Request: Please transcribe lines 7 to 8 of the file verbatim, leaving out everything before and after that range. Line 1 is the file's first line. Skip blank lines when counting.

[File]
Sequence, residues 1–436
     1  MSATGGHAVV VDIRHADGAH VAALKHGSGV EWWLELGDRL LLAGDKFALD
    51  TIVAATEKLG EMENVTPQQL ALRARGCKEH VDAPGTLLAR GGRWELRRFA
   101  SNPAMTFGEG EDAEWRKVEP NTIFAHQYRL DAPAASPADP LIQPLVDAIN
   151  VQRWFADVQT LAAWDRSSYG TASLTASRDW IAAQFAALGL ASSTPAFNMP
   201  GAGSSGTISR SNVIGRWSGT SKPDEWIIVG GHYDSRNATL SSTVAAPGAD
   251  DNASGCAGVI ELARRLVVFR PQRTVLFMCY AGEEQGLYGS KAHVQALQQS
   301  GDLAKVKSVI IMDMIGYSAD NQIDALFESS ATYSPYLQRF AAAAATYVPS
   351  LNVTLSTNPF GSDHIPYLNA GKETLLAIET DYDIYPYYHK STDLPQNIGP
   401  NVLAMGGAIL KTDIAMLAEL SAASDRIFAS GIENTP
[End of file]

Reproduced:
   251  DNASGCAGVI ELARRLVVFR PQRTVLFMCY AGEEQGLYGS KAHVQALQQS
   301  GDLAKVKSVI IMDMIGYSAD NQIDALFESS ATYSPYLQRF AAAAATYVPS